Last updated: February 04. 2014 3:07PM - 2751 Views
By - dbroyles@civitasmedia.com

Renee Moore is congratulated on being the Surry County School February Employee for the Month by Board of Education Chairman Earlie Coe (left) as board members Brian Gates and Sue Stone look on.
Renee Moore is congratulated on being the Surry County School February Employee for the Month by Board of Education Chairman Earlie Coe (left) as board members Brian Gates and Sue Stone look on.
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MOUNTAIN PARK — The Surry County Board of Education approved a proposal Monday night to make Meadowview Middle School into a magnet school. Consensus at the meeting centered on the step being another to add more student educational opportunities at an earlier level.

Traditionally, magnet schools are free public elementary and secondary schools organized around a focused theme and aligned curriculum such as Science, Technology and Engineering (STEM).

“Many of the enrichment areas offered would allow students to get high school credit,” said Mosley. She told the board the school could be remade without having to increase current faculty and that qualified teachers within the system can meet the requirements of the magnet school.

According to presenters Assistant Superintendent Dr. Terri Mosley, Meadowview Principal Denny Barr, Meadowview Assistant principal Heather Horton and Director of Secondary Curriculum and Instruction Jill Reinhardt, the school motto for the proposed school is “Hands-On, Minds-On.” It will be called Meadowview Magnet Middle School.

Barr explained his faculty and staff had already offered enrichment courses at the school as a trial run for the magnet school classes where teachers will educate with a more intense team approach.

“Teachers will be in a different structure,” said Mosley. “Class sizes will remain small with from four to five teachers with 75 students.” The proposal calls for the magnet school to be implemented next year with current Meadowview students guaranteed to remain enrolled there at the school for the first year.

Board member Sue Stone said she found the concept exciting and liked the restructuring having all of the math teachers, for instance, working together as a team and felt it would be “a wonderful way to personalize education for students.”

“We think we have a good plan for implementing this,” said Reinhardt. “With you approval of course, we are excited and ready to move on with this.”

Mosley said the faculty and staff will personalize instruction to meet the individual needs of all students as they progress at their own pace through content based on their interests, readiness, and learning styles.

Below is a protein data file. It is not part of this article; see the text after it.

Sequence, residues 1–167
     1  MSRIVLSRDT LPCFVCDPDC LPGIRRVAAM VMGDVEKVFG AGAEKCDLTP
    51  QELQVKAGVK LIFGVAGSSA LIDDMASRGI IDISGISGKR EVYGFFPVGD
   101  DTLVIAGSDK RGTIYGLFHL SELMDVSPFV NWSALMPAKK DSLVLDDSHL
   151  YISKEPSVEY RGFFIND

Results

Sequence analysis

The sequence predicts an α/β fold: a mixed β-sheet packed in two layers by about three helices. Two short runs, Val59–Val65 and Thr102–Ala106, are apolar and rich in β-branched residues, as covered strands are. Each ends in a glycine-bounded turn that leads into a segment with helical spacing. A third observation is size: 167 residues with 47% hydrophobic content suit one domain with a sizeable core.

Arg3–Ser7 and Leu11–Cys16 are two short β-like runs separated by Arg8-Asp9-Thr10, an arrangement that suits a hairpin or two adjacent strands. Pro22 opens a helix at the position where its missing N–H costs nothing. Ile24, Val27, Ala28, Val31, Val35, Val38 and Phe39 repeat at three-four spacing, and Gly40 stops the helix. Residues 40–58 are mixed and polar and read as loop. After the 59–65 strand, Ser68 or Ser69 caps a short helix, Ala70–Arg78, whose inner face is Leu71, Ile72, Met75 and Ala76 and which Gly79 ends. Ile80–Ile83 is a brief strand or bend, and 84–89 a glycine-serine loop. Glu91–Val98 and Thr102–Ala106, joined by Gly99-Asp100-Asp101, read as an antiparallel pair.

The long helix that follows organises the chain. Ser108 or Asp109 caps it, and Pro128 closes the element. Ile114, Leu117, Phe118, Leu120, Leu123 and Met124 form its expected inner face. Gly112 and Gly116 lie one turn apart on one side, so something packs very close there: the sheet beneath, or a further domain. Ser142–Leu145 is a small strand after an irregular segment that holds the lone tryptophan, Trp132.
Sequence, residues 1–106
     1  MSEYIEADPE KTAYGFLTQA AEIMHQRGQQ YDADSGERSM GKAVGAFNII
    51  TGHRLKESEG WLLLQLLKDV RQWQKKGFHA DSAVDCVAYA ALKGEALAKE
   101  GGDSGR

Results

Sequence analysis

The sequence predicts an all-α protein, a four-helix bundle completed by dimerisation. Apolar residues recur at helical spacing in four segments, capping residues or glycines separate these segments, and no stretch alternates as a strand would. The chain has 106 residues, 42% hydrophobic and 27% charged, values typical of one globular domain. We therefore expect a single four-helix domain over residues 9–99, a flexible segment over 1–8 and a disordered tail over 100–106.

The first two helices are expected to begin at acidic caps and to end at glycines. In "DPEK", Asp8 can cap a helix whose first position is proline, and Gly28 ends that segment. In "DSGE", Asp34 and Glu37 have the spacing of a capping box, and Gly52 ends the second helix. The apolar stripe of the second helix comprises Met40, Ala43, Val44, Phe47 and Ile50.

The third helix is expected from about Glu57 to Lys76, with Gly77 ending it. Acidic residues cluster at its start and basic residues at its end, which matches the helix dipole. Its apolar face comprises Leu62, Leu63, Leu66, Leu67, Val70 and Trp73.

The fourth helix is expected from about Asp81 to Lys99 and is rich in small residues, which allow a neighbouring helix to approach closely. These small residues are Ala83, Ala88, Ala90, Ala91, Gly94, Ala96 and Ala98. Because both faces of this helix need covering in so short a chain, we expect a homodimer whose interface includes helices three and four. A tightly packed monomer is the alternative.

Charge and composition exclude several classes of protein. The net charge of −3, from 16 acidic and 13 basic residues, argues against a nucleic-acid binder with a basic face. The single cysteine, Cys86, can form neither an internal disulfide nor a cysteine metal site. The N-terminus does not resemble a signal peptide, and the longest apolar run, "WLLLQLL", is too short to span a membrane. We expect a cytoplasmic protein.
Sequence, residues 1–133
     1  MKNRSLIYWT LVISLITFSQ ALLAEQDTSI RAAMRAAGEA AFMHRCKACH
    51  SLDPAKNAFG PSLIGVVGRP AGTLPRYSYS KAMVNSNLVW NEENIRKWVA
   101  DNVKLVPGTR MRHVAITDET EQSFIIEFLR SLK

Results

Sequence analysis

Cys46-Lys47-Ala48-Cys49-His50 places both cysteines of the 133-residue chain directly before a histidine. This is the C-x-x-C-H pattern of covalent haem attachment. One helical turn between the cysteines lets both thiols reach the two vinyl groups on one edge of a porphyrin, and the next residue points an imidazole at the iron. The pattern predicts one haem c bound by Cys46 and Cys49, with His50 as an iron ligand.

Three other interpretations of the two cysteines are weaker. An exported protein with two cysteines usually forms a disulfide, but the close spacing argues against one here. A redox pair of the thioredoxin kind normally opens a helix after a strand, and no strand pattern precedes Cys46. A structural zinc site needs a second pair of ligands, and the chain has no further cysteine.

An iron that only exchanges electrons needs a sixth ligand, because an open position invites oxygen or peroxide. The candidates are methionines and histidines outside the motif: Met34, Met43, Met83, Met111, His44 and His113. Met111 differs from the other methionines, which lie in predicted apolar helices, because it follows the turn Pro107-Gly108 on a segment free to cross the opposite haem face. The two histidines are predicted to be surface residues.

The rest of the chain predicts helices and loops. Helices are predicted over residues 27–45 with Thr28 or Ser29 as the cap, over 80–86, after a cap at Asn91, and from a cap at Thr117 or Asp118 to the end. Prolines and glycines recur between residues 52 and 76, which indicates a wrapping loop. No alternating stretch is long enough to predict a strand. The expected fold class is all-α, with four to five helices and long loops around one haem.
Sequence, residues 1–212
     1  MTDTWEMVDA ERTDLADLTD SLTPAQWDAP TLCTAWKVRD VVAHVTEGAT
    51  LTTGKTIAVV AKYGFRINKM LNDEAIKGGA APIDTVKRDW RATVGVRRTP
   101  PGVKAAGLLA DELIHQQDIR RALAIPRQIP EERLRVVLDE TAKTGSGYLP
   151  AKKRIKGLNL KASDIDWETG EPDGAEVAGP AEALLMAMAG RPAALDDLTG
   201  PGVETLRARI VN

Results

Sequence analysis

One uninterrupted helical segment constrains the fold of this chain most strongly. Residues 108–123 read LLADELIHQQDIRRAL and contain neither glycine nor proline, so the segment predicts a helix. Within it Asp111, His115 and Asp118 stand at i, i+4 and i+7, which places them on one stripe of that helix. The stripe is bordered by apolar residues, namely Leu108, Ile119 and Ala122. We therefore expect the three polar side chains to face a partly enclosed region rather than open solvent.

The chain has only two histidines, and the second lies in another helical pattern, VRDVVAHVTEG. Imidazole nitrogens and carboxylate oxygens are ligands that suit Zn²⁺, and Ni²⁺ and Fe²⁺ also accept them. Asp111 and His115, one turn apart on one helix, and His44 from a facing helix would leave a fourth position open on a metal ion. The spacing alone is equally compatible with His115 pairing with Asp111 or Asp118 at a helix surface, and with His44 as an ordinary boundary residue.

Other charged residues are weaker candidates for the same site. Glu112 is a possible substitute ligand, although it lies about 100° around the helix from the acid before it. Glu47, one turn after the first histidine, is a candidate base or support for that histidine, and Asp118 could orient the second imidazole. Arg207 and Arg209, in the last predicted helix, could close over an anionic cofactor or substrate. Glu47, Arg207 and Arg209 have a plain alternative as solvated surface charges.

The presenters agreed the school will offer art and athletics as well. After a brief discussion, all appeared to agree magnet school students would be eligible to advance to their regular high schools after completing the magnet school. It was agreed school cohesion would be better served by having students participate on magnet school teams.

Mosley said science standards will include earth science strands from high school curriculum, the possibility of earning earth science credit and math standards will be compacted and accelerated for students who are ready with the possibility of earning Math I credit.

Enhancements to “Project Lead the Way” which could be used at the magnet school will also include acceleration in core academic areas (English Language Arts, social studies). The group indicated English standards will be compacted and accelerated for students who are ready with a possibility of earning English I credit. Academic competitions and enrichment opportunities for all students could include robotics, math counts, science Olympiad, Battle of the Books School of the Future Design Competition, Gravity Games, E Cyber Missions, Geography Bee, Music Technology, Stock Market Challenge and a Sustainable Transportation Education Program (STEP).

Mosley said the student day for the school would run from 8:15 a.m. until 2:45 p.m. and the teacher day would run from 7:30 a.m. until 3:30 p.m. with teachers working in teams to plan and deliver instruction and to develop personalized student instruction.

Magnet School Enrollment for 2014-2015 from Outside of District could include 20 sixth grade students, 20 seventh grade students and from 20-25 eighth grade students with room for more eighth graders in this class. Mosley told the board the Central District will have 8 slots, five slots for Gentry District and seven for Pilot District.

Mosley said slots not filled from a district revert to other districts and Home school and charter school applicants apply from the district of residence. She added that Mount Airy and or Elkin students require a release from their districts but priority would be given to county students.

In other action, School Superintendent Dr. Travis Reeves announced Surry County Schools Employee for February is Administrative Assistant Rene Moore, who works in the system’s central office.

He apologized to Moore for the announcement being held up by bad weather and told the audience “the first thing most notice is how sharp she is.” Reeves complemented Moore on her assisting with media coordination and being a great planner and organizer of events. Moore received a $50 gift certificate from Simmons Nissan for the honor.

David Broyles may be reached at 336-719-1952 or on twitter@MtAiryNewsDave.

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